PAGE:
Oh my friends, I’m back in Wisconsin, and it’s cold, but I’m back, but it is very very cold. But I had a lovely vacation, so I really can’t complain, or if I can, if I’m entitled, I will choose not to. Complaining is for dorks! Here is the sad part of my vacation: I let Rachel down. By not blogging this past week, that is, which is really too bad when you consider what an awesome hostess she was, nearly wrecking her car to drive me to every beach in Maui and then putting up with my unquenchable cravings for soda and agreeing to give up that thing that we were both going to give up but then I kind of stopped giving up. Rachel, you are awesome, thank you!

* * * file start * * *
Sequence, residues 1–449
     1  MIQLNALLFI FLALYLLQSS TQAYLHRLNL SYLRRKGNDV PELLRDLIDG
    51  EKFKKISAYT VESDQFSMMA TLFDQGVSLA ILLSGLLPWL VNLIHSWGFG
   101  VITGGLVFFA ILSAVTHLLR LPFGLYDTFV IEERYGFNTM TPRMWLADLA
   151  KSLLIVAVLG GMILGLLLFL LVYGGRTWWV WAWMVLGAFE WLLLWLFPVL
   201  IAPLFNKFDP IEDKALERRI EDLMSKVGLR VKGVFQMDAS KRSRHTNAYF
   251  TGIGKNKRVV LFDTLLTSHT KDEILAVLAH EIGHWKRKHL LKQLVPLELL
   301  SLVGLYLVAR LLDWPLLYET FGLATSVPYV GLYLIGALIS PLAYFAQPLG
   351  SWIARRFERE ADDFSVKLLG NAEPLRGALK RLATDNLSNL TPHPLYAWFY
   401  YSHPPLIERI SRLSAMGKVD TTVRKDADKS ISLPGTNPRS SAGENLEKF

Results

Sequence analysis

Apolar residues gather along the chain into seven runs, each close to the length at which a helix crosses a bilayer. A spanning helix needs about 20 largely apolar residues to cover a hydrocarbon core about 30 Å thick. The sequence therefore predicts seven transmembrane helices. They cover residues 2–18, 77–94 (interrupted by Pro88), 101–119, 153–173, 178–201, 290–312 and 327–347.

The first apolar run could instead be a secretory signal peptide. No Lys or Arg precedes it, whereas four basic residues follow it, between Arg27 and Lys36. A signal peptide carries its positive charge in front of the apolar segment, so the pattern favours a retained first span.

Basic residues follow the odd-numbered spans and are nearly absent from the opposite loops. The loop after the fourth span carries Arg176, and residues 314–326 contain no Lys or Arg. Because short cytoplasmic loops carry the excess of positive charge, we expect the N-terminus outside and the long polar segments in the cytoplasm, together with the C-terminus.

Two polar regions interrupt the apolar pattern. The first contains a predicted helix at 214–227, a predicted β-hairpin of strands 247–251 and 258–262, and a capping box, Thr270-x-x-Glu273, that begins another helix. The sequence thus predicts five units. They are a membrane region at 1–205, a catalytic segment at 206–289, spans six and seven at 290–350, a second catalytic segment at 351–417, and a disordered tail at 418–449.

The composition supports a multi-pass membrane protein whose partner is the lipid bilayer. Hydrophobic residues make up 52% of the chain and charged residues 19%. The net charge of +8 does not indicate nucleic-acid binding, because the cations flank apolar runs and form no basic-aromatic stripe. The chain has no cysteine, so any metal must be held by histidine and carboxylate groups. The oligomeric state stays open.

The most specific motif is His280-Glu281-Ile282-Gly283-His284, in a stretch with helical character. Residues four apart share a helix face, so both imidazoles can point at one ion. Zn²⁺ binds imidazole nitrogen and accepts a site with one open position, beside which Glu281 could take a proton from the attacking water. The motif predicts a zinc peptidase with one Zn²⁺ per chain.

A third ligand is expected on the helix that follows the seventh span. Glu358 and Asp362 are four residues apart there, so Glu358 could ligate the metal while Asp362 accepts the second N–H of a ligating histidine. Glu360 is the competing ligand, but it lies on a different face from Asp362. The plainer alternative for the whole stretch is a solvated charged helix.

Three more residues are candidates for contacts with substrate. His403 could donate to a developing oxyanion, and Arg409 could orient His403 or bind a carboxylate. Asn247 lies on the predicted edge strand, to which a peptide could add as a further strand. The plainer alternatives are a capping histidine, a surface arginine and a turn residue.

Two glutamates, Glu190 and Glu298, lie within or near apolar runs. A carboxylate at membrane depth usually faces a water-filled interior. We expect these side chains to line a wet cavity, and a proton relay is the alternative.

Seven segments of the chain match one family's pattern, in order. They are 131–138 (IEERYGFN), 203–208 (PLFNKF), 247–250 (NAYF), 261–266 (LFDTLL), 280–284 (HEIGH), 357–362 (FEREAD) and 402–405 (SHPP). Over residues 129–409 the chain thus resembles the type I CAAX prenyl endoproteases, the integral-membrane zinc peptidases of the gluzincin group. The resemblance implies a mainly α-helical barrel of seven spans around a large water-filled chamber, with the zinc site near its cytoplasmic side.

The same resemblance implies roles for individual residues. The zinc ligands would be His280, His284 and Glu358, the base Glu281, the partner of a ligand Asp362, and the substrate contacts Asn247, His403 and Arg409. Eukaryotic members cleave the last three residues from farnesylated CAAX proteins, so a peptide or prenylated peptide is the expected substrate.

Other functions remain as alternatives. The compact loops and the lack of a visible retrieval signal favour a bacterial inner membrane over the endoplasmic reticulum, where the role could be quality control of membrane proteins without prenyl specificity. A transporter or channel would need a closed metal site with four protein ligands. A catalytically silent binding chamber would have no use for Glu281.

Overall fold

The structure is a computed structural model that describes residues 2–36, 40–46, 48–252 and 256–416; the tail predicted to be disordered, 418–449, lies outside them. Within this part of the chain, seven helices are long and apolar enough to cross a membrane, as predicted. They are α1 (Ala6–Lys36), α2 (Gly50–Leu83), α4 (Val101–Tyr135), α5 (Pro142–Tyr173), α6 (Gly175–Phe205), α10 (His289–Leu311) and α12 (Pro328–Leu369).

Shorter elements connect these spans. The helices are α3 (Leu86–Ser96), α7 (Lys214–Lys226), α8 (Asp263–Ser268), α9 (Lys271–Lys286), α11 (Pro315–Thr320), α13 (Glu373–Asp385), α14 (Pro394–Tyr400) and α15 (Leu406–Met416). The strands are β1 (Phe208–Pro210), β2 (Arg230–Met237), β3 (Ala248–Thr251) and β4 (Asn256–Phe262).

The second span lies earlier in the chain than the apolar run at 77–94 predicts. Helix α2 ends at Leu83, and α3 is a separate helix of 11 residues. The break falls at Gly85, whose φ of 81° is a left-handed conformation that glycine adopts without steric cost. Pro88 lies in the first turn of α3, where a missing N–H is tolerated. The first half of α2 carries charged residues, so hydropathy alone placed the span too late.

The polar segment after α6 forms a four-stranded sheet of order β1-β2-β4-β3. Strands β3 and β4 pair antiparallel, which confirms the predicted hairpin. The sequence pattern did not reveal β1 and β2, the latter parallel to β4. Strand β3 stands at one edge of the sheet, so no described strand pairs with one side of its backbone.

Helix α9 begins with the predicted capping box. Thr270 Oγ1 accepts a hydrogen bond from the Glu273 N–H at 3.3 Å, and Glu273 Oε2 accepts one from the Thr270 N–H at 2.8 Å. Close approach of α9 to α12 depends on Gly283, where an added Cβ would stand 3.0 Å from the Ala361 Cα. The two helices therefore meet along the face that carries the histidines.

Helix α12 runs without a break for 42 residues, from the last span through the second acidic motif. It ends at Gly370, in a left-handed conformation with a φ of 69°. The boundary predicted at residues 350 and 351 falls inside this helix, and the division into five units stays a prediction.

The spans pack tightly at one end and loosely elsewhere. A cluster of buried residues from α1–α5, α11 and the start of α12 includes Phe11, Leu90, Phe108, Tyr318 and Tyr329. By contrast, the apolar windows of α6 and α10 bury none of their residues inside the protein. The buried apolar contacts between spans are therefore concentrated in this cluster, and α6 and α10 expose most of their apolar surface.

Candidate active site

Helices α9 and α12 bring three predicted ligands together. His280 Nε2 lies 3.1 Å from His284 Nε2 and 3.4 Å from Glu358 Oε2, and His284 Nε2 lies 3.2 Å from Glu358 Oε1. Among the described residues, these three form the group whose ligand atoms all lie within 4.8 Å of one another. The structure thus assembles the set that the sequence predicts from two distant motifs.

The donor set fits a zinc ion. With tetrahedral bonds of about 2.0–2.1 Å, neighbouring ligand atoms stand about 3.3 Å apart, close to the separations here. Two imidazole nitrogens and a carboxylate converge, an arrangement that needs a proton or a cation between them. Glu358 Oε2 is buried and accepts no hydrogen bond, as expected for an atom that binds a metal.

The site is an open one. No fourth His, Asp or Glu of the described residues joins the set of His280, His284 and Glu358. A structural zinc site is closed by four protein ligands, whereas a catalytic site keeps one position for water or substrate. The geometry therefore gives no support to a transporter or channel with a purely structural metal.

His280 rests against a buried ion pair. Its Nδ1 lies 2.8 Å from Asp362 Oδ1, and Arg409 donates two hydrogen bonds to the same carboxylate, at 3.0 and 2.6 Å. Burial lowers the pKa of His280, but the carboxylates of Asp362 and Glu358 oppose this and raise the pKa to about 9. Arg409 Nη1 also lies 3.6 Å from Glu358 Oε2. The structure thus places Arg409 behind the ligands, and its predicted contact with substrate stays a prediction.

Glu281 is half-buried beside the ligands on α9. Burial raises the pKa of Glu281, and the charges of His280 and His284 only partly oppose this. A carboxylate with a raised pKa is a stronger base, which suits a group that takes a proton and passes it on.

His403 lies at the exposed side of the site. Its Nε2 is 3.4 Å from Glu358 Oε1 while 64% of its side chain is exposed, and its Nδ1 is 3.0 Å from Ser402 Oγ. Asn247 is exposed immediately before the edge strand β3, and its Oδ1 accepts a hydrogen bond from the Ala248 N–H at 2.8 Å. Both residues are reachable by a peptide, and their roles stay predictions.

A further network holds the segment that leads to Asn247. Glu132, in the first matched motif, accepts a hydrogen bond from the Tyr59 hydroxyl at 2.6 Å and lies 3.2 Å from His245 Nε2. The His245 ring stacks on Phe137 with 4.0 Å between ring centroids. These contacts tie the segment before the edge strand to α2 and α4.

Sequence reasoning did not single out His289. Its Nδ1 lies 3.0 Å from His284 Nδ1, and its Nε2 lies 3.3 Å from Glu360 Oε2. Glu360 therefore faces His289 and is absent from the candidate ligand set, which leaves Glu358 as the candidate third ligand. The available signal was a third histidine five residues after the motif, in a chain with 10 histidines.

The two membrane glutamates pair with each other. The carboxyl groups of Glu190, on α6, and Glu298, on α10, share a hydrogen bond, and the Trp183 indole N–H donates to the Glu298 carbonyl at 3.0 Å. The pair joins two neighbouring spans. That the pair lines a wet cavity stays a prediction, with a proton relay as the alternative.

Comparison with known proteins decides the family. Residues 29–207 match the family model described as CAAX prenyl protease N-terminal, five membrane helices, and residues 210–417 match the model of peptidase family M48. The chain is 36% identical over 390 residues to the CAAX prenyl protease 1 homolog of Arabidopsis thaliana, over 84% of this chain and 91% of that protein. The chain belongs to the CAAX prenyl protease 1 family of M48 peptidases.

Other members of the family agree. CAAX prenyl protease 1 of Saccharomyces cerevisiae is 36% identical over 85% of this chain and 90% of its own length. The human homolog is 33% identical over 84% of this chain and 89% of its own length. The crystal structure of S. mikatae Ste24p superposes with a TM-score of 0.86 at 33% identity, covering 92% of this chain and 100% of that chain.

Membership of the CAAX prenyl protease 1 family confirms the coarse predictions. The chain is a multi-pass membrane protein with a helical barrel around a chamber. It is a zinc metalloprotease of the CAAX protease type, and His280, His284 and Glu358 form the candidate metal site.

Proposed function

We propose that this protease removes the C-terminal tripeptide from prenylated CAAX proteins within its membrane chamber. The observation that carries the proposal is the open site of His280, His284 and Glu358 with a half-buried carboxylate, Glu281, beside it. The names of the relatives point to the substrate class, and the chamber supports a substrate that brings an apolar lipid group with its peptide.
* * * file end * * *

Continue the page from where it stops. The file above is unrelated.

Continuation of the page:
So the thing is, if I were actually going to write about the good times I had in Hawaii it would be pages and pages long, because there were many. Use your imagination: if it was glorious and Hawaiian, we did it. So instead I am going to write about the one bad day that we had which was a Friday, which is not the day of the week that you would expect to be the bad day. It all started out with a cloudy, windy day at the beach. At some point we both admitted that we were cold and not really enjoying ourselves, so we decided to get an early start on the evening’s activity, which was to be an epic beach-side camping trip, capped off the following morning with some surfing! (I had already tried surfing a few days earlier which might have been more successful if I knew how to swim). Somehow it took us four hours to pack, but we managed to get to Lahaina before sundown and set up camp. We hung a hammock with rusty bungee cords, and when we both climbed into it it broke, which was very funny and not at all painful, thank God, but there went our plan for sleeping arrangements, and maybe that was the first sign of bad things to come. Our friends started a fire and some more friends joined us and as the sun set over the Pacific Ocean we enjoyed some hamburgers off the grill and a few drinks and everything was going so well.